It has been barely days since former prime minister Shinzo Abe was shot to death and the much-touted “Abenomics” is heading its way out of Japan. The timing is such that it triggers a thought in the minds that the Fumio Kishida-led government was longing for any kind of predicament to happen to diligently take out “Abenomics” from Japan’s economic primer.
CHINA BACK IN JAPAN
Even when he was out of office, Shinzo Abe acted as a formidable barrier to any kind of Chinese encroachment on Japan. The simple fact that the late prime minister was outspoken in his criticism of China and held Taiwan dear to his heart made China and the political elite in Beijing furious over Abe.
Now just days after Abe’s death, China is making a reappearance in Japan. Many see a problem in it but Japan’s prime minister Fumio Kishida is least bothered about this fact. At present, the potboiler is regarding foreign companies leaving the lucrative field of Japan. Accusations are ample showing it as a government-initiated move to deliver more benefits to an invincible player and we know who it is.
Denmark’s Vestas Wind Systems scrapped plans in Japan to build an offshore wind turbine plant following regulatory proposals that would limit the size of projects. European peer Siemens Gamesa Renewable Energy also has told Japanese power operators that it will shelve plans to supply offshore wind turbines. Vestas and the Siemens Group rank fifth and sixth, respectively, in the global market.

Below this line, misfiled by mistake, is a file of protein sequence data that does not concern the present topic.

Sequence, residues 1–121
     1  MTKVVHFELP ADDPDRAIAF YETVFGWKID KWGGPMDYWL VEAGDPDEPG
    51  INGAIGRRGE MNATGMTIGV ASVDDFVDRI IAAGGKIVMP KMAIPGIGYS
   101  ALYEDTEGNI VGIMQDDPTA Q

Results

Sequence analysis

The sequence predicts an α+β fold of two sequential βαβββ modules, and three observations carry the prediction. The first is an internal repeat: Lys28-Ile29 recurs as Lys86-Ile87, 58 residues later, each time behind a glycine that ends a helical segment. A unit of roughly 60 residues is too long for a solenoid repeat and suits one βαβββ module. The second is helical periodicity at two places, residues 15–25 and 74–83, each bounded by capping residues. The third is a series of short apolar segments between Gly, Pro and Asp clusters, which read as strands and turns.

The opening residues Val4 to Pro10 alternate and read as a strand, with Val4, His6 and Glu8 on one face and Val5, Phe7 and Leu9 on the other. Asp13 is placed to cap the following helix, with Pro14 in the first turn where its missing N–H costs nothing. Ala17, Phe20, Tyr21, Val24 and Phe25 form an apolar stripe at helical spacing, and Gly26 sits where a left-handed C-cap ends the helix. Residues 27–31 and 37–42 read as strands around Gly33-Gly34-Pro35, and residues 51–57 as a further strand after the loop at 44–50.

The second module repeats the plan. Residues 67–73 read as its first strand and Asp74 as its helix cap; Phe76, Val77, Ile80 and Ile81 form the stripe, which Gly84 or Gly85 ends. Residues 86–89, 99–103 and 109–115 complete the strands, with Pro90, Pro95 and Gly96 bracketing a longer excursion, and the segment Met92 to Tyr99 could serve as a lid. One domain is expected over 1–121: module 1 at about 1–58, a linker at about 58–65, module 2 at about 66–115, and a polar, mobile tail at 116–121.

Japan has been often at the receiving end of criticism for not reducing its carbon output. EU and other international organizations have been imploring Japan to reduce its carbon output to get attuned with the green strategy to prepare for the fight against climate change.
Wind power is a leading alternative energy source for reducing carbon output. Japan aims to field 5.7GW of offshore wind farms by fiscal 2030, a scope equivalent to a six-reactor power plant.
But Vestas the Denmark firm and Siemens which deemed Japan as a lucrative market is suddenly reversing course following the lackadaisical approach by the Japanese government not helping the projects climb the heights of success it was supposed to.
Connecting the dots, the picture gets to perfection. Fumio Kishida government’s sudden change of stance happens for a reason. Vestas and the Siemens Group rank fifth and sixth, respectively, in the global market. Chinese enterprises occupy the top four places. So, if Japan needs the wind turbine project to turn into a reality, they should go get support from the top four numbers in the global market, incidentally all Chinese.
Kishida bowing before Chinese belligerence is no new. History is copious with incidents that vindicate the claim. Kishida always argued for a better relationship with China, unlike his predecessor Abe who wanted to refurbish the image of Japan from a pacifist country to an aggressive one.
Meanwhile, Fumio Kishida has sought to distance himself from “Abenomics” touting instead a “new capitalism” more attuned to the gap between rich and poor.